City homeless’ winter safety net is being stretched as St Martin’s Housing Trust urgently starts £180k expansion of hostel in Norwich
- Credit: Archant
Growing numbers of rough sleepers on the streets has prompted a city charity to urgently build an extension before Christmas arrives.
Three new beds and a 'sit up' service are being constructed at the 30 bed Bishopbridge direct access hostel in Norwich.
Despite a £180,000 fund-raising drive to pay for the project only just underway, work has already begun on the unit in a leap of faith to ensure every preparation is made for the long winter.
Derek Player, general manager at St Martin's Housing Trust, said: 'In Norwich at the moment we have between 15 and 25 rough sleepers. Compared to some other parts of the country that is quite low, but the numbers have risen by 200pc in two years. 'That is through pressures to the private rented sector. People really struggle on low wages to meet the rent, let alone if they are on benefits, and there are insecurities in short term tenancies. This is the housing crisis. 'Our job as a charity is not only to provide emergency accommodation but also to try to prevent as many people from becoming homeless.'
St Martin's expect to help 200 homeless people this year, up from 160 in 2015. 'As a charity we are picking up the pieces from the current housing crisis,' added Mr Player. 'We do not see an end to the rough sleeping crisis and our response is to provide extra beds. Every penny people donate to St Martin's this Christmas will go to this building project. This is the first step and from here the aim is to give people the skills and knowledge to be able to sustain an independent life in the community.'
Often drug or alcohol addictions lead people to the doors of Bishopbridge, but Norwich is also attracting homeless from across the county.
Sally Parker, team leader at Bishopbridge, said: 'The reason some people come back is this is their safety net so when things hit rock bottom they can come here.
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'If we identify someone in Norwich as a rough sleeper we haven't seen before, we pull them in. When someone is in crisis they need to know we are going to hit the ground running. Some people can end up on the street because of a row with their partner, and that doesn't need to escalate into something worse. 'When they come to us early that helps us identify their support needs.
'I think some of the reason we are seeing a rise is we have some of the best provision in Norwich. People can eat free here and there is help for people on the street - so sometimes we do get an influx. People will naturally go to the city. Quite often they find the support they need in Norwich.'
St Martin's Housing Trust hope the new accommodation and sit up service will be complete before Christmas, which will help during Severe Weather Emergency Protocol (SWEP).
If there are three consecutive nights of freezing temperatures, and a fourth approaching, the hostels will open up their lounges and dining rooms to get as many rough sleepers in from the cold as possible.
Giving a lifeline to those in need
Peter and Lizzie are regular residents at Bishopbridge on their path to a stable life.
Fifty-nine-year-old Peter was sleeping rough six years ago after losing his council house for taking in other rough sleepers, and hopes to secure long-term accommodation soon.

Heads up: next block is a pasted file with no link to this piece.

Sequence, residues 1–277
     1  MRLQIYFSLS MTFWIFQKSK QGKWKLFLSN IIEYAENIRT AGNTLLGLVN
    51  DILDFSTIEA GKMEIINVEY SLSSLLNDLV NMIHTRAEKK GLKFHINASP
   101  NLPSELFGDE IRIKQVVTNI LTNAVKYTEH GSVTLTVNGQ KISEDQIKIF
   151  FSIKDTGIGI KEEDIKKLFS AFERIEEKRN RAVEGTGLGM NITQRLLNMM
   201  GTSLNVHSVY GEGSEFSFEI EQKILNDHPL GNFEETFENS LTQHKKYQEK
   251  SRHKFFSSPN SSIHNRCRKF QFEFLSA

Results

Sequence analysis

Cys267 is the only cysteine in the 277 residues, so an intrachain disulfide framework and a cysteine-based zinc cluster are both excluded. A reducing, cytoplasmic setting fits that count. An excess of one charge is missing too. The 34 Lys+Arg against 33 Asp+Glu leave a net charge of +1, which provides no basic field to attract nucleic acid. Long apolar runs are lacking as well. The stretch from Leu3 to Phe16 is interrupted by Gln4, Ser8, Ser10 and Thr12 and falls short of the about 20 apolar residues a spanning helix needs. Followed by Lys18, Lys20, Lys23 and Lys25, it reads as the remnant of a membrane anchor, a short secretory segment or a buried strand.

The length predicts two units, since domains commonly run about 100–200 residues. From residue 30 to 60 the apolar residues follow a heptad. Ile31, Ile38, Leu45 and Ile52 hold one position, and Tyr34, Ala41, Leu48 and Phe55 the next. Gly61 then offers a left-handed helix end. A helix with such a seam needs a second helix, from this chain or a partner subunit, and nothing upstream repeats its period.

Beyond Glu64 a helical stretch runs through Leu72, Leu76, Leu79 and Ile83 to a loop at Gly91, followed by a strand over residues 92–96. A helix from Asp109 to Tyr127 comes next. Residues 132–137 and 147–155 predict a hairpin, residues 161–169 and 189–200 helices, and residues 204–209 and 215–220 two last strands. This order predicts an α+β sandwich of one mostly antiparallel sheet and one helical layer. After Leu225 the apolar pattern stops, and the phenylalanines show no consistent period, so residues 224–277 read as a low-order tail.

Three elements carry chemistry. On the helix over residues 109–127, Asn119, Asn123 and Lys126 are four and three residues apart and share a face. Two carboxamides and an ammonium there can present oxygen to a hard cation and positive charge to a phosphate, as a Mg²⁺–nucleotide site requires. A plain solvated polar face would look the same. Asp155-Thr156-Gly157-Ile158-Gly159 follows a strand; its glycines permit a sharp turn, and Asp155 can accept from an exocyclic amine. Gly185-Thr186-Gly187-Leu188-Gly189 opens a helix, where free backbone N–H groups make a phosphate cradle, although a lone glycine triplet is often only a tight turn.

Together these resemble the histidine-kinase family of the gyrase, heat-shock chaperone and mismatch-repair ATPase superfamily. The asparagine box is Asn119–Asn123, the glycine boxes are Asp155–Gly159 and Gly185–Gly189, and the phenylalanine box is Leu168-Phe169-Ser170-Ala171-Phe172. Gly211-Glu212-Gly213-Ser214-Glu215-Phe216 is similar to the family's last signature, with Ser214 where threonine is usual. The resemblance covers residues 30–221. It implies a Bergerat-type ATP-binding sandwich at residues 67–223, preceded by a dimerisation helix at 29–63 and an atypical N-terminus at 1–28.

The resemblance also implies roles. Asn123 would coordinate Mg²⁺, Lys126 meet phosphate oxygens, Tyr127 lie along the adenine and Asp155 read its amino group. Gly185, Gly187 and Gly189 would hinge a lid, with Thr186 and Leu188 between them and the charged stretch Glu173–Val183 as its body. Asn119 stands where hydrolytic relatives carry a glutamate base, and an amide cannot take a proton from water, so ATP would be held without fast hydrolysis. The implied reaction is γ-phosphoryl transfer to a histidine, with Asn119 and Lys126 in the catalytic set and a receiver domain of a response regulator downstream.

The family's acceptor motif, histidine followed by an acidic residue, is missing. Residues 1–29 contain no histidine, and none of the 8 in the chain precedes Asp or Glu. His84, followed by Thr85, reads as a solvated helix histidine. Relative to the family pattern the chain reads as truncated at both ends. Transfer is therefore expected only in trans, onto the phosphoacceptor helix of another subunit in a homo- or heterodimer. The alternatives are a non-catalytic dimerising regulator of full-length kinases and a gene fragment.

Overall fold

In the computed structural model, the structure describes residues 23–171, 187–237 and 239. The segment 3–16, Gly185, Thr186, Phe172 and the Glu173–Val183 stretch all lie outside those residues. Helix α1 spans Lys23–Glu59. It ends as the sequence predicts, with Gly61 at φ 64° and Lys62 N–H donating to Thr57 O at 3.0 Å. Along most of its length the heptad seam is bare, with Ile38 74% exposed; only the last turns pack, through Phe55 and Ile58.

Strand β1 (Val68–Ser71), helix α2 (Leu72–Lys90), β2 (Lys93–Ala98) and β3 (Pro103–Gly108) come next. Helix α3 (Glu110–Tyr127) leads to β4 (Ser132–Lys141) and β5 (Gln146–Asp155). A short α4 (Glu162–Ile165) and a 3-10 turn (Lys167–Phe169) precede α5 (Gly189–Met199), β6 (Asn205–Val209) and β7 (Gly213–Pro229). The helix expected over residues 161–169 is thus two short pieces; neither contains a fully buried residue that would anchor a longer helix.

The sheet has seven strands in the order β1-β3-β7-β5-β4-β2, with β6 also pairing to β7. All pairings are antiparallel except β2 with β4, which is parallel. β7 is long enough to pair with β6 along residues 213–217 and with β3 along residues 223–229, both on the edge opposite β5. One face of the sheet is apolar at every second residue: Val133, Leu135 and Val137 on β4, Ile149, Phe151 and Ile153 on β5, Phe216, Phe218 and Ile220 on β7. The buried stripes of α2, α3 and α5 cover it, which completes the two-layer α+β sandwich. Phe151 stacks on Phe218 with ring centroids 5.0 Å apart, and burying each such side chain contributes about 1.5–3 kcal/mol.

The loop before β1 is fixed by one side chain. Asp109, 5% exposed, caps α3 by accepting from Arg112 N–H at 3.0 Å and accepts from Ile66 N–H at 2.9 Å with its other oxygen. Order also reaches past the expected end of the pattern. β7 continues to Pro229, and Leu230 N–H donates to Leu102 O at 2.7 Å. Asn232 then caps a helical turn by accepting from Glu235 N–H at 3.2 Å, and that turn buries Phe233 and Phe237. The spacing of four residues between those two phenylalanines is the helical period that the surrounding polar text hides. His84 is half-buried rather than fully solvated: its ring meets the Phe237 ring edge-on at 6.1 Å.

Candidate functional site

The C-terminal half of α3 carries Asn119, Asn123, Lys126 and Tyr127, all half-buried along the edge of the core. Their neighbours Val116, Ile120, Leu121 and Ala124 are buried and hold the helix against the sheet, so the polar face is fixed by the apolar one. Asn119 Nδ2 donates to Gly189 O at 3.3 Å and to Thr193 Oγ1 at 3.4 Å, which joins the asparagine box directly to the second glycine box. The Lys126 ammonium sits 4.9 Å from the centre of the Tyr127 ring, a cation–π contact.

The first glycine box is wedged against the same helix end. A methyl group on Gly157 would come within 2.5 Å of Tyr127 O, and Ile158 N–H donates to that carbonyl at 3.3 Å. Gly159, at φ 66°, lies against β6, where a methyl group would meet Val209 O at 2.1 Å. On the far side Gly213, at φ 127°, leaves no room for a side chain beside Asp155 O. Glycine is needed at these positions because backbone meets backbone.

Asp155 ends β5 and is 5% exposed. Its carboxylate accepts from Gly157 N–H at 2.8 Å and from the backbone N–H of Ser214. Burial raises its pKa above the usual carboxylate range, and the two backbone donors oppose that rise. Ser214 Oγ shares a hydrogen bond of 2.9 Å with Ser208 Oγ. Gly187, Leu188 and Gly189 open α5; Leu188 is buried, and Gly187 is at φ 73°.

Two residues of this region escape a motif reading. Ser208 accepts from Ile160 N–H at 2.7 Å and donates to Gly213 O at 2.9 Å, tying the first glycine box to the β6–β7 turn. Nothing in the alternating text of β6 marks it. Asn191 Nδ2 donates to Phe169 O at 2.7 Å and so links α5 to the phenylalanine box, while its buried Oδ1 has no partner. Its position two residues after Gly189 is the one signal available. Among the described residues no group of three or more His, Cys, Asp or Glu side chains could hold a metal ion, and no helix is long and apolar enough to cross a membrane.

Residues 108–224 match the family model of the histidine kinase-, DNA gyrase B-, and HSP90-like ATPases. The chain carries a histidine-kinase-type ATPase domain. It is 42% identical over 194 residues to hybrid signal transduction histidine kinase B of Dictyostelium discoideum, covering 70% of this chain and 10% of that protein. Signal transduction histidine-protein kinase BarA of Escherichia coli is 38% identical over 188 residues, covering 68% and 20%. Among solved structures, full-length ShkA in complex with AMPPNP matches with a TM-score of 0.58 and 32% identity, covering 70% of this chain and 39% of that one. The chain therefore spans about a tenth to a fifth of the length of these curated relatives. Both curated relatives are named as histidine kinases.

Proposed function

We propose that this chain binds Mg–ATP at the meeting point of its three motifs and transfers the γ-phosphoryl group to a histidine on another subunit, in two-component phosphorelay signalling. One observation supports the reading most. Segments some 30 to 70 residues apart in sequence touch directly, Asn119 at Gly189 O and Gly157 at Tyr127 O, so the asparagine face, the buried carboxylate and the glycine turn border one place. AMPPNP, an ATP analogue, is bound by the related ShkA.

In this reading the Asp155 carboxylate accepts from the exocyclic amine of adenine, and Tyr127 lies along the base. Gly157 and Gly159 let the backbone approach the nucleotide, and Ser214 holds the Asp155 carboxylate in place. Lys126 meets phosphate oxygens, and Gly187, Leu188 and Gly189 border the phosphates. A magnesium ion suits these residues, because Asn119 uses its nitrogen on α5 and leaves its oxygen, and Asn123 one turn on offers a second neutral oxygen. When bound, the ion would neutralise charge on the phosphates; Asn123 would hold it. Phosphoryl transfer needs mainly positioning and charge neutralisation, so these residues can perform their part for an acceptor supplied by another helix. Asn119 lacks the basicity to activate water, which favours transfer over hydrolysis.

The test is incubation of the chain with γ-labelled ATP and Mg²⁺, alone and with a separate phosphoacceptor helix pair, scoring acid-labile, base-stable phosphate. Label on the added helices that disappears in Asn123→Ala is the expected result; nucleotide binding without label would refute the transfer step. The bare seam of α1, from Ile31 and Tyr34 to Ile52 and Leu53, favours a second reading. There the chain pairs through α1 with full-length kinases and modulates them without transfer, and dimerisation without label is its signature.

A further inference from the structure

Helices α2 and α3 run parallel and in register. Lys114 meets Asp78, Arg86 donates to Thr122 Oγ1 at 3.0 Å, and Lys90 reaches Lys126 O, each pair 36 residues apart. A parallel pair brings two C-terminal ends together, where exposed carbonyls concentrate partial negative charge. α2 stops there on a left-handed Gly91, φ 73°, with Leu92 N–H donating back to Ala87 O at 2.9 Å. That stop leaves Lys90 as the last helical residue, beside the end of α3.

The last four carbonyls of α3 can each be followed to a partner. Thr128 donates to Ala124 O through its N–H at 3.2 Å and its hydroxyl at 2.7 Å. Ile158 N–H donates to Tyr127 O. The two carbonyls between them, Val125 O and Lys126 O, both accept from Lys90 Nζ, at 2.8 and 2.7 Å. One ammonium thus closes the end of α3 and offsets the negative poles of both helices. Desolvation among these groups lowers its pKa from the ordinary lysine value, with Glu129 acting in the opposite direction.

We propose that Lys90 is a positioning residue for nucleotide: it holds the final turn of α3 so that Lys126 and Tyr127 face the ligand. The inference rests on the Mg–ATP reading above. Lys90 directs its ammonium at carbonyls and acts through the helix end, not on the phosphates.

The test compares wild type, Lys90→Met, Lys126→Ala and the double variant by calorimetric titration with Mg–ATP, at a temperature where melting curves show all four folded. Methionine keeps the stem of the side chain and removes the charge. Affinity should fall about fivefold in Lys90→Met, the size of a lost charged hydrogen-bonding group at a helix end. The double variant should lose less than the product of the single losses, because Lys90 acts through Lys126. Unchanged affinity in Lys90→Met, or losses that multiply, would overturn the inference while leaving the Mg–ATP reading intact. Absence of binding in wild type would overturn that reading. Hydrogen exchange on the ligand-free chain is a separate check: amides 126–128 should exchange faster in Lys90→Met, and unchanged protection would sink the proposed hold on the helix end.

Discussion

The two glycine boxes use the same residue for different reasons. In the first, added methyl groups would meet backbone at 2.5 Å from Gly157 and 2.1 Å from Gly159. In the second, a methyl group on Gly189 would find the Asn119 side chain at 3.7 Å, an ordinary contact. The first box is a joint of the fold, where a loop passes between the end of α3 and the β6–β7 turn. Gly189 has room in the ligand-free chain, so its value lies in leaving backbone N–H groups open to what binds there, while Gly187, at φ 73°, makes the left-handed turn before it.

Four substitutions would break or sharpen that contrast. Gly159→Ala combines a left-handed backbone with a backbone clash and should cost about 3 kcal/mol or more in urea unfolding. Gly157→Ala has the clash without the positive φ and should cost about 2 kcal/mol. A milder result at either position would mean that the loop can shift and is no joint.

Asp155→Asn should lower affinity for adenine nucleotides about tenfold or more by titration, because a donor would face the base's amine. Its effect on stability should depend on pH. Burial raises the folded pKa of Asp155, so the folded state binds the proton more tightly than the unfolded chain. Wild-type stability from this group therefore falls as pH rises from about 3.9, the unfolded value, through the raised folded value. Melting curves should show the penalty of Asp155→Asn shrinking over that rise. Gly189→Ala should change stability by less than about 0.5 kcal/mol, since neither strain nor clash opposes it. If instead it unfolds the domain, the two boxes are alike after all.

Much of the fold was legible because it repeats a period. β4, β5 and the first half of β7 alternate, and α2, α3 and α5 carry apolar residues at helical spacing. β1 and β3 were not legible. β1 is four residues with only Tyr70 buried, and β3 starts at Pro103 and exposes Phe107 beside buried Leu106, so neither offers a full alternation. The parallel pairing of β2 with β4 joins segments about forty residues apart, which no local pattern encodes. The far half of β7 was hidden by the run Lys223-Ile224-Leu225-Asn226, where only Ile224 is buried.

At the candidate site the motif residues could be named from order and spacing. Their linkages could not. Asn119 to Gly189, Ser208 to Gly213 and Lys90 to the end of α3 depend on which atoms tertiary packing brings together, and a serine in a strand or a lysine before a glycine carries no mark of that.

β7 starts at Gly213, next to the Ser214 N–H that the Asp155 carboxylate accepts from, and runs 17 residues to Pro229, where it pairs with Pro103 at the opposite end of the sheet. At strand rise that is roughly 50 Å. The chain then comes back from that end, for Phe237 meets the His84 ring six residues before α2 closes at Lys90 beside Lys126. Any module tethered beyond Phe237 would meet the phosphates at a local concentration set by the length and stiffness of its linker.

'The outreach team found me and they sorted me right out,' he said. 'I am alcohol dependent and they give me a lot of support.
'It means the world to me what they do here. I have children and grandchildren, and without these people I would be in a lot of trouble. 'They look after you, care about you, and when I go to another place I know they will always be here for me. I don't want to have to rely on it, but right now I do rely on it. They are here to get me back on the right tracks.'
Lizzie, 50, has been in and out of the centre since it opened in 2002 as she struggles with drug addiction. Three months ago she was sleeping at Anglia Square when she was attacked, and returned to Bishopbridge.
'I got ill, got discharged from hospital and got brought back here,' she explained. 'They help you to look after yourself and adjusting to the outside world. They are really good at helping people who want to get help. 'Some people just aren't ready, but I started going to a church in Mile Cross doing voluntary work, and that keeps your mind off it. 'Hopefully soon I will be getting into a shared house, or a flat with my partner.'
Carol services will raise funds
Special carol services to help raise money for the new Bishopbridge bedrooms, held by staff and service users at St Martin's Housing Trust, will have an added poignancy.
It was enthusiastically supported by Nicola Ellis, one of the residents at the hostel who sadly lost her life in August.
Nicky Reed, life skills development co-ordinator at St Martin's Housing Trust, said they would be 'allowed a few tears' during the festive songs, which have been specially adapted.
'The choir came about through a BBC project in June of this year for our music day,' she said. 'Nicky was dragged almost screaming to the first one but she loved it so much she got us roped into doing it for Christmas. 'She was so passionate about it we had to keep doing it for her, and we are hoping her family will be able to be there too. 'We are hoping by singing in public people can throw some money in the buckets. We might miss a few notes and we will be allowed a few tears.'
The services will be held on December 10 and 17 from 11am to 12noon at The Forum.
St Martin's will have street collections until Christmas Eve, and donations can be made via their website at www.stmartinshousing.org.uk